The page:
Minister’s ideology crushes innovation
[Published in NBR, Aug 16, 2017]
On RNZ’s Morning Report on February 9, Minister of Education, Chris Hipkins stated that partnership schools were an “ideological experiment”. He has introduced legislation to enable him to close them down. Elsewhere he is reported as stating "The Government's strong view is that there is no place for them in the New Zealand education system." If they stay open, they can do so only if they integrate into the state system. That is, they must lose their unique identities.
And here is socialism’s authoritarian iron fist: "If, however, early termination is not agreed by both parties, I am reserving my right to issue a notice of 'termination for convenience', under charter schools' existing contracts, by the middle of May 2018. This would take effect at the end of the school year."
According to the Minister, trying to do something different to improve educational outcomes is “ideological”. He is wrong. The ideology resides in his insistence that partnership schools integrate into the state system or be closed.
You might think: what’s in a word, it’s all semantics and it doesn’t matter. But, as attributed to Confucius: “When words lose their meaning, people lose their freedom.” The Minister condemns partnership schools because they are “ideological experiments” but they are the opposite of ideological: they seek to break away from the system, to innovate. The Minister uses the words pejoratively and falsely to slur them. What he really means is that the only system he and his government will permit is the state system.
Those who set up partnership schools and the children attending them are losing their freedom to seek and have better educational outcomes, because of the government’s “strong view” that there is no place for them in New Zealand. And the Minister is misusing words to justify that loss of freedom.
According to the Oxford Dictionary of English, 2nd Edition, Kindle Edition, an ideology is a system of ideas and ideals, especially one which forms the basis of economic or political theory and policy. There is no doubt that the policy that education must be provided by the state is a system of ideas forming the basis of educational policy. The policy of the Minister and the government, in alliance with the education unions, is an ideology.
Partnership or charter schools are not experimental. The charter school idea was originated in the US in 1974. By 2015-2016, about 3 million, approximately 6% of all students in public schools in the US, were enrolled in charter schools representing nearly 8% of more than 90,000 public elementary and secondary schools (refer federal education report released last year).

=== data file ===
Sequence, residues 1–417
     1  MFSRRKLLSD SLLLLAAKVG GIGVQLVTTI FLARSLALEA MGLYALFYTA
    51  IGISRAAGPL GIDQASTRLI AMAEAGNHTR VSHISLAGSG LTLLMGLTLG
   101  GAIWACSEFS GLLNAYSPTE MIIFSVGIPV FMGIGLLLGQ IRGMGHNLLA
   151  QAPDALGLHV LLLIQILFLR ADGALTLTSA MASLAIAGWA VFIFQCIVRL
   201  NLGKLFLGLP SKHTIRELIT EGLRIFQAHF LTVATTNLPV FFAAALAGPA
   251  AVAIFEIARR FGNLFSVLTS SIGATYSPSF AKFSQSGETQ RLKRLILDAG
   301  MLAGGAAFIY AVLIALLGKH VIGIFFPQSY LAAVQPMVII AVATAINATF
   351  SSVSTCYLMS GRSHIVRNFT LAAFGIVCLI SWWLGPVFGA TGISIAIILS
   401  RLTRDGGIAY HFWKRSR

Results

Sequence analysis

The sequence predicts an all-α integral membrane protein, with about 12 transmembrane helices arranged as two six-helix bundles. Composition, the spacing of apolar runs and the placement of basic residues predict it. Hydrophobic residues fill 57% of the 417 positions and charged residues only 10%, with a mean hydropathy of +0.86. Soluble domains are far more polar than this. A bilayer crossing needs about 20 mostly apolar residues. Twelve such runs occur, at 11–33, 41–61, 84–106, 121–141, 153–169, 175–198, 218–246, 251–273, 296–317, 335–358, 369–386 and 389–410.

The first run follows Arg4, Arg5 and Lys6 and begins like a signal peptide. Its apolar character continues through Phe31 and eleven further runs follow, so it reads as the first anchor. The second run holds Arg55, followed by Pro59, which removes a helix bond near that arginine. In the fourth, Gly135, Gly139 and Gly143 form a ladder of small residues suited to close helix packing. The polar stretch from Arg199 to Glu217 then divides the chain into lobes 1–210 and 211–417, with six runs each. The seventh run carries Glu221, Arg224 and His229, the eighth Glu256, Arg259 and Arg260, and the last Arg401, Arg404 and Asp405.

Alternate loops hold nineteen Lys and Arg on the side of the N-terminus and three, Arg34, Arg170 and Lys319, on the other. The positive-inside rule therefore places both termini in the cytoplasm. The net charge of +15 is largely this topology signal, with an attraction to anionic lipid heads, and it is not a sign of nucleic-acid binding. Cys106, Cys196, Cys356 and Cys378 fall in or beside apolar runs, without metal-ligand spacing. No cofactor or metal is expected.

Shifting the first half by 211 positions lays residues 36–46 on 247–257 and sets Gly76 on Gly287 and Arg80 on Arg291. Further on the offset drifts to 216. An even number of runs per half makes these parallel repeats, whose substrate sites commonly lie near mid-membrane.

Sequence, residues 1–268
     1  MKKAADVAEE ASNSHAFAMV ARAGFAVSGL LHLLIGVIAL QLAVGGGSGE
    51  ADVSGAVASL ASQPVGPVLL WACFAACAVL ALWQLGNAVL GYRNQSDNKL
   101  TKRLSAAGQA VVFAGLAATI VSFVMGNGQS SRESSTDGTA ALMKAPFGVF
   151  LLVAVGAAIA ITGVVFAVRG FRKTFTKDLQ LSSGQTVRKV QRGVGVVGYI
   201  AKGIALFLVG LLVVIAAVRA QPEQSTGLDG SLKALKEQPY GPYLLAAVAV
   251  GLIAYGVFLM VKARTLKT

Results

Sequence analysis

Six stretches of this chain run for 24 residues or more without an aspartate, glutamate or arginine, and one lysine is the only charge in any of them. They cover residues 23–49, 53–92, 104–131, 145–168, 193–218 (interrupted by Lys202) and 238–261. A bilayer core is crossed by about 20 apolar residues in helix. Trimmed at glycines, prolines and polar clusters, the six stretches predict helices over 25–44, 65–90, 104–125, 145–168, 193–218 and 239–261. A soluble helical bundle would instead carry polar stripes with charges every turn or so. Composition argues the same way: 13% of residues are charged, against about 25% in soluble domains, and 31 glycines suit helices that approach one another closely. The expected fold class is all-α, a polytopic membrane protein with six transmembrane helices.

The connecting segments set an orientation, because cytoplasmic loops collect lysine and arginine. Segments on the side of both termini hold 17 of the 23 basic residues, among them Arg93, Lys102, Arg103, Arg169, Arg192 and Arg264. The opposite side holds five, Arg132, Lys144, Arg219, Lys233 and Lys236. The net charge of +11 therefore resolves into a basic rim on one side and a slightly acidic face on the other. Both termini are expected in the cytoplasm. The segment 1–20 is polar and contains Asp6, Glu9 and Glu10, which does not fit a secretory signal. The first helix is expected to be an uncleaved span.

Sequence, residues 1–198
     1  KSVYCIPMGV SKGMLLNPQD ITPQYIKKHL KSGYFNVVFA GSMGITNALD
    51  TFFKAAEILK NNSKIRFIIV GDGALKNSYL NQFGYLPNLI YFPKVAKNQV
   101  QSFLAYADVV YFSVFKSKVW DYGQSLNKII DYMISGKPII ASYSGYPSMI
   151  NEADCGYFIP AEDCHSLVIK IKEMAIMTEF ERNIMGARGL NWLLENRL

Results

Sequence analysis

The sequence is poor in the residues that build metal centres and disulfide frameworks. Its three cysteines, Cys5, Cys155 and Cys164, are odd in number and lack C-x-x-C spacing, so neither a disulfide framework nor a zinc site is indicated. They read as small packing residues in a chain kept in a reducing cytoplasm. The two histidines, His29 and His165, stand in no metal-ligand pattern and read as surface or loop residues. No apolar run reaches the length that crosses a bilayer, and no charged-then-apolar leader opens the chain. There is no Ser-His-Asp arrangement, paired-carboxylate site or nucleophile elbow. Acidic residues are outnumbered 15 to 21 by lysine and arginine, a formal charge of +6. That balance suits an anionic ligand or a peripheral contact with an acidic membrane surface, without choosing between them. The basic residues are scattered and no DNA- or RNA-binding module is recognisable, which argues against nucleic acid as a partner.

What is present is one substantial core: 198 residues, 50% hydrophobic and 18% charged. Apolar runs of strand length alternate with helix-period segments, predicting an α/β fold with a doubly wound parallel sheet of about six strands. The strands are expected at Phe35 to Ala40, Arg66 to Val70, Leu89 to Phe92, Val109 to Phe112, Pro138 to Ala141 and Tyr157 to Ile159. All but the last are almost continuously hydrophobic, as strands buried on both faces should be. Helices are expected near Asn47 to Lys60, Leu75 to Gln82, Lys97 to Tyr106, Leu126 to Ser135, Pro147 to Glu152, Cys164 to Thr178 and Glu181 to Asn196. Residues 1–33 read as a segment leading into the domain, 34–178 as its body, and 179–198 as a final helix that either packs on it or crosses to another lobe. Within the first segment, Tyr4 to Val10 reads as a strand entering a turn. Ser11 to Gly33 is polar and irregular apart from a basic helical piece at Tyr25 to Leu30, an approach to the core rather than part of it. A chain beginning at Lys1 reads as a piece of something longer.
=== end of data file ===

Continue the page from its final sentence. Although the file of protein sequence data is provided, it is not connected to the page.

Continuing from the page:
The New Zealand partnership school and the US charter school both operate under agreement with governments. A US charter school is a publicly funded independent school established by teachers, parents, or community groups under the terms of a charter with a local or national authority. In New Zealand, Part 12A of the Education Act 1989 Partnership schools kura hourua, provides for a sponsor to enter into a contract with the Crown for the operation of such a school.
Even if they were experimental, what’s wrong with that so long as there are adequate safeguards for the children, as Part 12A ensures there are.
In School choice and school vouchers: An OECD perspective, 2017, the OECD said (p 16)
A recent OECD study on “Innovative Learning Environments” examined several innovative schools and school networks across OECD countries (OECD, 2013a). While the sample cannot be regarded as representative, the case studies came from all segments of education systems. Some were mainstream public schools, others belonged to networks of charter schools of similar environments, still others were private schools, working within or outside public systems. But all flourished because governance and oversight arrangements gave them the freedom to create spaces for experimentation.
“Innovative Learning Environments”, OECD 2013a, asks “How to design a powerful learning environment so that learners can thrive in the 21st century?” In responding to the question, the OECD’s Centre For Educational Research and Innovation undertook 40 in-depth case studies. The sites were in Australia, Austria, Canada, Chile, Finland, Germany, China, Hungary, Israel, Korea, Mexico, Norway, Slovenia, Spain and Switzerland.
New Zealand’s education system is failing many children. A thinking person faced with something which is not working will ask whether something else can be tried. That’s what was happening in the subjects of the case studies. Governance and oversight arrangements are what the partnership school contracts provide. Like the subjects of the case studies, those arrangements give partnership schools the freedom to create spaces for experimentation, and they flourished.
It is a characteristic of prejudiced ideologues like the Minister that they seek to curb the innovation which spurs human progress.